Museum of Far Eastern Antiquities – Paper Stories Exhibition

Διαβάστε αυτό το ποστ στα ελληνικά.

One of the most interesting museums we visited in Stockholm was the Museum of Far Eastern Antiquities (Östasiatiska Museet). It’s not very big and probably not one of the priorities for someone visiting Stockholm for the first time. However, it was particularly interesting not only because of its theme, but also because of the exhibition it currently hosts, which is about paper. I couldn’t miss that!

The museum’s entrance

The Museum is located on the island of Skeppsholmen, housed in an old military building built by the Navy in 1663 (Tyghuset). There are other museums located on the island, such as the Modern Art Museum and the Architecture Museum, so the visitor can check these out while there. It’s also a very picturesque little island to walk around. The building of the Museum of Far Eastern Antiquities is rectangular and elongated, with low ceilings – the Museum houses collections from China, Japan, Korea, and India. The Chinese collection it the most extensive one, while there is also an area dedicated to books with bookshelves and archives spanning whole walls. The Museum also houses a library.

Paper has a special place in these collection, since the invention of the material and its widespread use started in China. As visitors coming from Athens, we don’t get to see such artifacts very easily, so a visit to this Museum was a must.


We really admired the room housing the Korean collection. This was curated with the support of the country’s Embassy and its design is made to resemble a traditional Korean household. Apart from the incredibly interesting objects, the room itself is part of the collection and not just a shell to house them.


The Paper Stories exhibition was the main reason I wanted to visit the Museum. A fairly small exhibition dedicated to paper, it contains paper samples that visitors can touch, a video presenting the process of making paper from a factory in China, artifacts from antiquity up to modern times that show the importance of this material in Asian societies, from packaging, cards and games, decorative items, works of art, papers for all sorts of uses. Finally, there is a discussion for the future of paper and how it will be used by future generations, given the prevalent environmental concerns. In the photos below you can see a small part of the various beautiful decorative papers presented in the exhibition. When I reached this point and saw the wall with all the papers lighted from behind, I gasped! I really love these kinds of designs and the exhibition is full of lovely patterns and colors.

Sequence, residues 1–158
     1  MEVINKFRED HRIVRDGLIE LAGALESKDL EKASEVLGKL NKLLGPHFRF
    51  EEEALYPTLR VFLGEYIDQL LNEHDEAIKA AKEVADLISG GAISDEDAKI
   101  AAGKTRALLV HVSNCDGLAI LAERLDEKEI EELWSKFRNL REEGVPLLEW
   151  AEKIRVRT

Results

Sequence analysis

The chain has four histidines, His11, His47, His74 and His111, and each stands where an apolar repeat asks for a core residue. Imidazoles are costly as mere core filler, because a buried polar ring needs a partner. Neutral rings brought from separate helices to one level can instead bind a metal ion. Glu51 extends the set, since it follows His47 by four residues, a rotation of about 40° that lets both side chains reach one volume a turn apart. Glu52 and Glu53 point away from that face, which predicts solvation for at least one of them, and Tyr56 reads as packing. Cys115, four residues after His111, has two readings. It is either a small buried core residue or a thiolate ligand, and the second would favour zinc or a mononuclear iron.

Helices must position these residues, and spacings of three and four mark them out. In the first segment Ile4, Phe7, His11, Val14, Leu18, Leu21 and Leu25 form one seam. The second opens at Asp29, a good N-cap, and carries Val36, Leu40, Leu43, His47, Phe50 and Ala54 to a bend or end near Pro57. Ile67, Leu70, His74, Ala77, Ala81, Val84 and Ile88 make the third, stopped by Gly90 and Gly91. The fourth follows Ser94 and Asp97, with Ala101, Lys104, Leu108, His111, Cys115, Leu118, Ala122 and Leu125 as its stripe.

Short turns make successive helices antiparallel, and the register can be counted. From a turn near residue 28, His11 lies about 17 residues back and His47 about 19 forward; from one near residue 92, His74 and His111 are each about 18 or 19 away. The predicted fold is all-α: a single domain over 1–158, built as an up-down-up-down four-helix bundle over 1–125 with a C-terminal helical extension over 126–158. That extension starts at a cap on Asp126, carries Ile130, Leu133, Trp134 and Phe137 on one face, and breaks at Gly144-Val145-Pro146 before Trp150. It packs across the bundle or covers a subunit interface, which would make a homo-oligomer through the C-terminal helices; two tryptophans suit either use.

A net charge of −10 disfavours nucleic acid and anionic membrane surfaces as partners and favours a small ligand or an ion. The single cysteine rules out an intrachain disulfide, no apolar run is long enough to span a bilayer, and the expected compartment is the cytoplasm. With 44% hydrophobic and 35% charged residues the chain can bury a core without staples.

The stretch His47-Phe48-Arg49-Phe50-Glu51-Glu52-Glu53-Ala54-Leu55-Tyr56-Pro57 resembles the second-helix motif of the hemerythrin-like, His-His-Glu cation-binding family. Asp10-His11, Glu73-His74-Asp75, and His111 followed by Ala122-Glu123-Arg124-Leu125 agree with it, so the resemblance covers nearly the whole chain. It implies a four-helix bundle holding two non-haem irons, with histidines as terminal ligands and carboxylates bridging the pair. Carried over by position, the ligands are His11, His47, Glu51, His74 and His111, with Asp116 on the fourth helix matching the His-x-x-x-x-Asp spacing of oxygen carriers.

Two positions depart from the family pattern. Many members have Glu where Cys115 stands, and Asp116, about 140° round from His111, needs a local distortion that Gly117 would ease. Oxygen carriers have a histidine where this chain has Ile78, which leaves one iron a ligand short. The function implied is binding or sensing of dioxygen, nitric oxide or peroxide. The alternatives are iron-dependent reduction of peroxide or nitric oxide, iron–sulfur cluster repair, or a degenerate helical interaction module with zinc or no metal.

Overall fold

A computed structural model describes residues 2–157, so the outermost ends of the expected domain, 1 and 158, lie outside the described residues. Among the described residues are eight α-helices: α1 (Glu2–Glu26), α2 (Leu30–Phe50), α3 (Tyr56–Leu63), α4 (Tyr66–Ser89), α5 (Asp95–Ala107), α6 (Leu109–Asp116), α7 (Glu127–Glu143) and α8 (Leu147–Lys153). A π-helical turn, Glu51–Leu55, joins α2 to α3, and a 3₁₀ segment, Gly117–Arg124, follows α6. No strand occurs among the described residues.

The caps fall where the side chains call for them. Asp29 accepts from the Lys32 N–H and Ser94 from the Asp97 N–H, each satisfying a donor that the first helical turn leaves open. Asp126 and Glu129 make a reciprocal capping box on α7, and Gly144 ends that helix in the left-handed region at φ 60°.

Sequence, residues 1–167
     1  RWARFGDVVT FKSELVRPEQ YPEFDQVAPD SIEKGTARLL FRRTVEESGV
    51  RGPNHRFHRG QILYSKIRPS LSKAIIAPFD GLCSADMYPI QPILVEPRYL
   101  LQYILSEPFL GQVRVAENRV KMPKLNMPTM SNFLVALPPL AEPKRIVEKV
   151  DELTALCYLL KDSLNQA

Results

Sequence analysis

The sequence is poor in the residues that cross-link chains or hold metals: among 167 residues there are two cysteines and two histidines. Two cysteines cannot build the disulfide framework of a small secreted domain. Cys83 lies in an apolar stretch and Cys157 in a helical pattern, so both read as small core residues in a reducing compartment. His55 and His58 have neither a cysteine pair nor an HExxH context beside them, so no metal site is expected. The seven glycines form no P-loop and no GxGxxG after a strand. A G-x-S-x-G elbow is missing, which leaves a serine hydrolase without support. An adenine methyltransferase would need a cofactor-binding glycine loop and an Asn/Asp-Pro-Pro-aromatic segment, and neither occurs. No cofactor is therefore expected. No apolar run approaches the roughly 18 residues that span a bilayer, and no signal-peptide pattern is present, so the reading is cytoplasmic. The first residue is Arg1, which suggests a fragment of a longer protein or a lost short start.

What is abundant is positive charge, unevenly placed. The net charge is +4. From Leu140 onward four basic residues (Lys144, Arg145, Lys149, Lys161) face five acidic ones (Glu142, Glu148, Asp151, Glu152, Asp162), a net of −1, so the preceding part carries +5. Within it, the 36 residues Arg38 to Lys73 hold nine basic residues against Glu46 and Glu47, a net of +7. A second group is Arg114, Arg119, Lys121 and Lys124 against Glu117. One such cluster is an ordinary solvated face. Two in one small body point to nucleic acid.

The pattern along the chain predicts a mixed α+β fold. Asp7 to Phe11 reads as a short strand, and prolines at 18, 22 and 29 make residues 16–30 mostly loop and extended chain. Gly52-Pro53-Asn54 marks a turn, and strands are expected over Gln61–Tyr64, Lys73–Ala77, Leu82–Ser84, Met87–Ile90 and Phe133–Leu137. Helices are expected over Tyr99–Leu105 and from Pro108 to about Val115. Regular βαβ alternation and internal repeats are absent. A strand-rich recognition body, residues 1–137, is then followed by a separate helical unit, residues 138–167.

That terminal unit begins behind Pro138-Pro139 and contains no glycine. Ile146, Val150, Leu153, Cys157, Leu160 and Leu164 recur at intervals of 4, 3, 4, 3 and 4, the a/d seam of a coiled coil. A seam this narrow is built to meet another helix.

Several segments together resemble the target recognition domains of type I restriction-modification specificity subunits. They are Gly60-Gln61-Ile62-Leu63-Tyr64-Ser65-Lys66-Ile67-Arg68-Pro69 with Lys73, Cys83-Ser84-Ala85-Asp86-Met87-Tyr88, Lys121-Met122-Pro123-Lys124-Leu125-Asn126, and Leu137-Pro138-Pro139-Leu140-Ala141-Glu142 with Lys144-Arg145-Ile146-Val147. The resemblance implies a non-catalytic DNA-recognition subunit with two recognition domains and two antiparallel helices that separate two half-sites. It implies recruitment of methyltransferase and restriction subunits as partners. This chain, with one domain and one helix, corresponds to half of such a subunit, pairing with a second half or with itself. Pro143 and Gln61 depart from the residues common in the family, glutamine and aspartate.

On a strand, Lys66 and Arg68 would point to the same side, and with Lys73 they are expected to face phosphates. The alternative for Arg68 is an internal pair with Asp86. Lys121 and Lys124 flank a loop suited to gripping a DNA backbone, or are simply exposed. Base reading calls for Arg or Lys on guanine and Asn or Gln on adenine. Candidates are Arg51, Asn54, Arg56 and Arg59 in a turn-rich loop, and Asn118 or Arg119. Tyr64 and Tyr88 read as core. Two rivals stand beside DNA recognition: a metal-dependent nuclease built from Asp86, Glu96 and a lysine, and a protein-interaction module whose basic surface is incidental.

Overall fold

As part of the exhibition, the Museum also presents the work of contemporary artists using paper as their medium. These change every once in a while. When we visited we were able to see the impressive work of fashion designer Bea Szenfeld, whose works strongly reminded me of origami.




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More posts from my trip to Sweden:

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